There are two ways for an individual or group to be 'rational' when
working with other people: one is to act as if everyone else was rational,
and the other is to act as if everyone else might be irrational. The former
works if there is a supremely wise adjudicator (e.g. a CEO or market regulator
or legal system) who will protect you from the consequences of other people's
irrational behaviour; the latter is probably a better bet in most circumstances.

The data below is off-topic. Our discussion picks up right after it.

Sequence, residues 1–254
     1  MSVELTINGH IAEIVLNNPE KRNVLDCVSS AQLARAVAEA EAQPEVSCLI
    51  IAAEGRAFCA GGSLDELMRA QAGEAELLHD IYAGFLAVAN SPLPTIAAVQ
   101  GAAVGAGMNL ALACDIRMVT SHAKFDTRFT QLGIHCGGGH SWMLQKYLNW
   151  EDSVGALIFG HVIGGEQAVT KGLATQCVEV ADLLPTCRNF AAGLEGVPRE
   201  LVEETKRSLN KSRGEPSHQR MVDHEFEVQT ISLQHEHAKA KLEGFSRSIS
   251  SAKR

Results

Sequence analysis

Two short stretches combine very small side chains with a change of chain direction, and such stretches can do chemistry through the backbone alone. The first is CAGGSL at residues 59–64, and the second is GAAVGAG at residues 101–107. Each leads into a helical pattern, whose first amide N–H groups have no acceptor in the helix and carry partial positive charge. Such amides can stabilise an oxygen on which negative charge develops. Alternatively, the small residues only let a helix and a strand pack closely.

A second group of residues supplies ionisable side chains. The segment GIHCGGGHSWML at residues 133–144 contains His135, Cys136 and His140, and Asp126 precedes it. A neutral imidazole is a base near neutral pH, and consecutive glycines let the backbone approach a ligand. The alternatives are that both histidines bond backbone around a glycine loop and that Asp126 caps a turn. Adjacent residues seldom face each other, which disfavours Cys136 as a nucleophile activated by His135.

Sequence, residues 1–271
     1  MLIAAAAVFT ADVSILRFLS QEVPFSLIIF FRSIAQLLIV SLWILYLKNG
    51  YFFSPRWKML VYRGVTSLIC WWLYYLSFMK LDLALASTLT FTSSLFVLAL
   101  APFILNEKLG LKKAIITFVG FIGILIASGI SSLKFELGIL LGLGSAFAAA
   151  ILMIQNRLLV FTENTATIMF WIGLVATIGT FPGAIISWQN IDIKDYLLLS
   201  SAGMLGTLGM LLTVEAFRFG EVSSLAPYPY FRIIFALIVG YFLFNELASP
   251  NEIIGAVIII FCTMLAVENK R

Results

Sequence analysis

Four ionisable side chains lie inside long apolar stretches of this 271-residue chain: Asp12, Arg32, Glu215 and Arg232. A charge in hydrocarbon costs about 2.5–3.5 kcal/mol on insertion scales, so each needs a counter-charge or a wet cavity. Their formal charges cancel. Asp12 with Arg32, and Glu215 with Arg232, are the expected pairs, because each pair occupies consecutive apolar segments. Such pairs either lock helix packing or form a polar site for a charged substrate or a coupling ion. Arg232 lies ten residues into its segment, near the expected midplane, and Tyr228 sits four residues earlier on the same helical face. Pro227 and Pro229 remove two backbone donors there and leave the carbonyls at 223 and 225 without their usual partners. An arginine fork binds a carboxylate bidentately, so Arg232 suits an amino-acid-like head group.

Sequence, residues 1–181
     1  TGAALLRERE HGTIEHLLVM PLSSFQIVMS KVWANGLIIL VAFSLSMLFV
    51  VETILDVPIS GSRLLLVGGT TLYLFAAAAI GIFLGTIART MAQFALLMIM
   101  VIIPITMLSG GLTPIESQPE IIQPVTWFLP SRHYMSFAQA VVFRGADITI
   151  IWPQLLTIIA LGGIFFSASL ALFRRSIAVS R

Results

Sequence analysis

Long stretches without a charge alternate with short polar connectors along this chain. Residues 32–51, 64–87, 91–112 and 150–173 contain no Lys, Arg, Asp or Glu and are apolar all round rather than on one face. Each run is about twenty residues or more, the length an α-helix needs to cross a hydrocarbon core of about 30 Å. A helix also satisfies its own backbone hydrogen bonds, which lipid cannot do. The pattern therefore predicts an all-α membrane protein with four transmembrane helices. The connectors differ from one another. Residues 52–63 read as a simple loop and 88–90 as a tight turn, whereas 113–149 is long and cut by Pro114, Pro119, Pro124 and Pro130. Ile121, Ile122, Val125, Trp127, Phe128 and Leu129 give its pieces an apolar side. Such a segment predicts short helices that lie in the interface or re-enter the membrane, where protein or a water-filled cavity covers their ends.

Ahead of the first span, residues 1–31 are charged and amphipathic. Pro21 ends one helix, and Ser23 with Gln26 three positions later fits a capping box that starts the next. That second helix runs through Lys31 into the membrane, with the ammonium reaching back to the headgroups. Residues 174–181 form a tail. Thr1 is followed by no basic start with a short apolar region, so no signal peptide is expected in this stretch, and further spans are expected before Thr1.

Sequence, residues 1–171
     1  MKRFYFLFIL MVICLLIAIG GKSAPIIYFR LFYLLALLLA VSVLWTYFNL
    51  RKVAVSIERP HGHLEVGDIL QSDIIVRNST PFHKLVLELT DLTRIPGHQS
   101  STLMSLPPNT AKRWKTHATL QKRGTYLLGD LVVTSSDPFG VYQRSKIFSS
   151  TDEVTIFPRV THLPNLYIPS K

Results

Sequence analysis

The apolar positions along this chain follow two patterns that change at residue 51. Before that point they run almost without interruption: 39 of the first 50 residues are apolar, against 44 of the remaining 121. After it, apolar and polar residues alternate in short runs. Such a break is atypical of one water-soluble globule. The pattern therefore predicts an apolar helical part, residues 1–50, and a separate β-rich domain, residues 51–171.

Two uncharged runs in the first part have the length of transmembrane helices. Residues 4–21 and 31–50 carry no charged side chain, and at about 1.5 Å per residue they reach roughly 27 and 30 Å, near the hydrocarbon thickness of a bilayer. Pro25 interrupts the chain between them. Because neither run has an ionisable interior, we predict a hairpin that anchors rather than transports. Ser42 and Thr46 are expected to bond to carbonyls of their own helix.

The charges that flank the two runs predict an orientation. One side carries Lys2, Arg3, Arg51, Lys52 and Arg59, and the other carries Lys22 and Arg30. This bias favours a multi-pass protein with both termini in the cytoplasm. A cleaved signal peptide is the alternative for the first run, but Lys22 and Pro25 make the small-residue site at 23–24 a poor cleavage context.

My favourite example is in the behaviour of speculative markets. If you
were a silver trader, and you read an article in the Wall Street Journal
saying that a few superstitious speculators were buying silver at the new
moon and selling at the full moon, then you might be tempted to do the
same. Not because you thought that the moon really had an influence on
the price of silver, or even because you thought that other people might
think that it did, but because you thought that other people would read
the same article and calculate the same way as you.